Stop Trying…

Dec 30, 2020 | Motivation, Positivity


Happy New Year! After a six-week hiatus, I am back. I spent a lot of time over the holidays with family and friends and I am very happy to share that so many of them have included my positive speech tips as part of their New Year’s resolutions. I am confident that many of my readers have eliminated “can’t” and “have to” from their speech already and I am beyond proud of you for that. I am also thrilled that you are spreading the word and encouraging others to eliminate these negative phrases from their speech.

This segment, Part 3 of my Positive Speech Campaign, I’m encouraging you to remove the word “try” from your lexicon. That is, I want you to stop saying, “I’ll try”, “I’m trying”, “he/she is trying”, etc. Why? Because “try” is self-denigrating, “I’ll try” destroys your credibility, and “I’ll give it a try” simply gives you permission to fail.

When you say, “I’ll try”, you are not actually committing to anything. By using “try” to describe how or what you’re doing, you’re stating that you aren’t capable of doing what it is you are trying to do – whatever that may be. Or, at the very least, you lack the necessary self-confidence to do it. Also, it’s not just damaging to you to say “I’ll try”, it’s difficult to hear it. It sounds weak, apprehensive, and noncommittal.

Also, please eliminate using the word “try” when speaking about others — your child, your spouse, your friends, etc. Why? Because when you say someone else is “trying”, you are expressing that you have little confidence in that individual and their ability to accomplish whatever it is they are wanting to do. That, my friends, is DISempowering, DISparaging, and DIScouraging.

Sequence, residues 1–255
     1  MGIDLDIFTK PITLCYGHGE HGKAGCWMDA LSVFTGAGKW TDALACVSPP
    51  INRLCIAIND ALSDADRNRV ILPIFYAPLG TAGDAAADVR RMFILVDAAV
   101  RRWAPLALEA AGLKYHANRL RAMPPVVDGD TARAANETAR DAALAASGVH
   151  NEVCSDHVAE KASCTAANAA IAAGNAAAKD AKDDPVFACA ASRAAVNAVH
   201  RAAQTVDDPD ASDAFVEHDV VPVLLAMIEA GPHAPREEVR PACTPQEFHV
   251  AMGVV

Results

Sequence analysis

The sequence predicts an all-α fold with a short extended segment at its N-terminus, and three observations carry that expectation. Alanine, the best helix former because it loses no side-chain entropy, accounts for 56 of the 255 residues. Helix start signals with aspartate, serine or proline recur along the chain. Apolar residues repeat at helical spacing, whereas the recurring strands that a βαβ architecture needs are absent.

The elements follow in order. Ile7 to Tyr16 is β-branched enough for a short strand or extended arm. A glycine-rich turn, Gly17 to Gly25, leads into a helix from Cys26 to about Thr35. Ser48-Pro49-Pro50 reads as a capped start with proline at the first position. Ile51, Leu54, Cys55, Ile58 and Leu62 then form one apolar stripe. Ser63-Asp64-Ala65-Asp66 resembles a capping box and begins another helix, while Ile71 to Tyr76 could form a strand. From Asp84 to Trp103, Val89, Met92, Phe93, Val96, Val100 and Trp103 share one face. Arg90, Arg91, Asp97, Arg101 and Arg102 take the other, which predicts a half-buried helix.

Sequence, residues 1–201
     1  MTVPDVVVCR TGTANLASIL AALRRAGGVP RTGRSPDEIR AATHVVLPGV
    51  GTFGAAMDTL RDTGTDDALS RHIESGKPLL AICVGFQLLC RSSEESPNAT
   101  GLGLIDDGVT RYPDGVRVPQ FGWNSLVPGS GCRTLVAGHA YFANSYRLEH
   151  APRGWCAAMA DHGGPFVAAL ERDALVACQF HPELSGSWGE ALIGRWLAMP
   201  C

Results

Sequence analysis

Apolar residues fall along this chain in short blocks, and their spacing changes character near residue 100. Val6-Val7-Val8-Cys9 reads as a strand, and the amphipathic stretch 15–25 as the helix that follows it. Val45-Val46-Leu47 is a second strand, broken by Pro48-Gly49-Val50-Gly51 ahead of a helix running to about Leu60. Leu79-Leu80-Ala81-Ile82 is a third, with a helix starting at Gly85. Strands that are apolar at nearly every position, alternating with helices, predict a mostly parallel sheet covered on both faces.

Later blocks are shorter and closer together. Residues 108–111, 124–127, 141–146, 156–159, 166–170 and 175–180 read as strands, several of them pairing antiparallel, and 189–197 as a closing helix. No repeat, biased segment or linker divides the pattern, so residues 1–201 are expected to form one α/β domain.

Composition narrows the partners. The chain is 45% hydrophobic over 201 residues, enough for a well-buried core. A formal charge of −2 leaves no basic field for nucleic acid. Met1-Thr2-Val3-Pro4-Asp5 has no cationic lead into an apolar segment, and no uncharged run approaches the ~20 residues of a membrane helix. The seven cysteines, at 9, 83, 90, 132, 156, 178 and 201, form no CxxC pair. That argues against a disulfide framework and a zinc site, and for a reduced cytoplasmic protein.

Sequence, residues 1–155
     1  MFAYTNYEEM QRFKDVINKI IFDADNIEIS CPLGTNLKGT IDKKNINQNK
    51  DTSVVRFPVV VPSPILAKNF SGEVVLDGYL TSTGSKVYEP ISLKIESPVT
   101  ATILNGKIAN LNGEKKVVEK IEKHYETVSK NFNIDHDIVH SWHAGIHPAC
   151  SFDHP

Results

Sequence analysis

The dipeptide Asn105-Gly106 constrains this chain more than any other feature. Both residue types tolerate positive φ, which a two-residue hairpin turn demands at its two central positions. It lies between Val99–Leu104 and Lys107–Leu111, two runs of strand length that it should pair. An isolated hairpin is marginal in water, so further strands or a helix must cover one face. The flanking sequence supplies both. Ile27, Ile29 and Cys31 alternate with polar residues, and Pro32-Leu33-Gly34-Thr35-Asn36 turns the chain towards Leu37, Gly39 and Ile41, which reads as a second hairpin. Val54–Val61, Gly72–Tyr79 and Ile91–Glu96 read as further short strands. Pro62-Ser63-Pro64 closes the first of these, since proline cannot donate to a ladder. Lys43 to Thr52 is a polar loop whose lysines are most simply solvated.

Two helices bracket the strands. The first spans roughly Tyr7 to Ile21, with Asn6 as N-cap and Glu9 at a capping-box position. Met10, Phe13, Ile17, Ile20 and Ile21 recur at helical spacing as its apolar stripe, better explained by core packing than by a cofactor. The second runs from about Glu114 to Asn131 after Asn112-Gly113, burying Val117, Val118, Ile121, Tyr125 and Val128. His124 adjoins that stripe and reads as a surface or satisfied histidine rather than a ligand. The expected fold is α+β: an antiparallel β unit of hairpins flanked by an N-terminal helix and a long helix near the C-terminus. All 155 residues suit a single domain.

I aim to shift that mentality. You are better than that. You ARE capable, you ARE powerful, and so are the people in your life.

People who achieve don’t say, “I’ll try”. Nope. They do it. Nike didn’t choose “Just try it!” as their slogan, they chose, ‘Just do it!’ It exudes power, it expresses confidence, and it assumes achievement.

Whenever you catch yourself saying, “I’ll try”, stop and decide what your real intention is. Then either commit one way or another: “I will” or “I won’t”. Be honest with yourself. When you commit to others, either say “no” or “I’ll do my best” and mean it.

So, eliminate “try” from your lexicon. Make up your mind to either do something, or not. Say, “I will” and commit. By doing so, you are declaring you are capable of doing the task. That you have the self-confidence, the grit, and the determination to overcome any obstacle that might get in the way of you accomplishing it. That you are confident, capable, and powerful, and so are the people in your life. It’s as simple as that.

One short conversation example below. I want you to read this out loud, just so you know what it sounds like to hear someone say, “I’m trying”. Then, in the second version, how much better and more confident it sounds and feels to simply substitute “try” with a few, more powerful words.

Me: Hi, Christine, how goes it with your New Year’s resolutions?

Christine: Ugh. Ok, I guess. I’m trying. (ick!)

Let’s try this again.

Me: Hi, Christine, how goes it with your New Year’s resolutions?

Christine: Pretty good, actually. I’m making it to the gym fairly often and sometimes even enjoying it. Thanks for asking. (awesome!)

Is it just me or did you also hear a HUGE difference in those two statements?! I feel sad for Christine in the first conversation and I LOVE Christine in the second one. What a difference in attitude, power, and positivity. It’s like comparing Eeyore from ‘Winnie the Pooh’ to Winnie the Pooh himself.

In sum, I’ll quote the wise and enlightened Yoda from Star Wars, in a scene in which he assures Luke he has the ability to use “The Force” to lift his X-wing fighter out of the swamp, with his mind. Luke is frustrated and half-heartedly says to Yoda, “Alright, I’ll give it a try.” Yoda quickly responded, “No! Try, not. Do. Or do not. There is no try.” And, guess what? With a shift in mentality and commitment, Luke succeeds.

So, friends and readers, stop trying. Do.

Dr. Mary Beth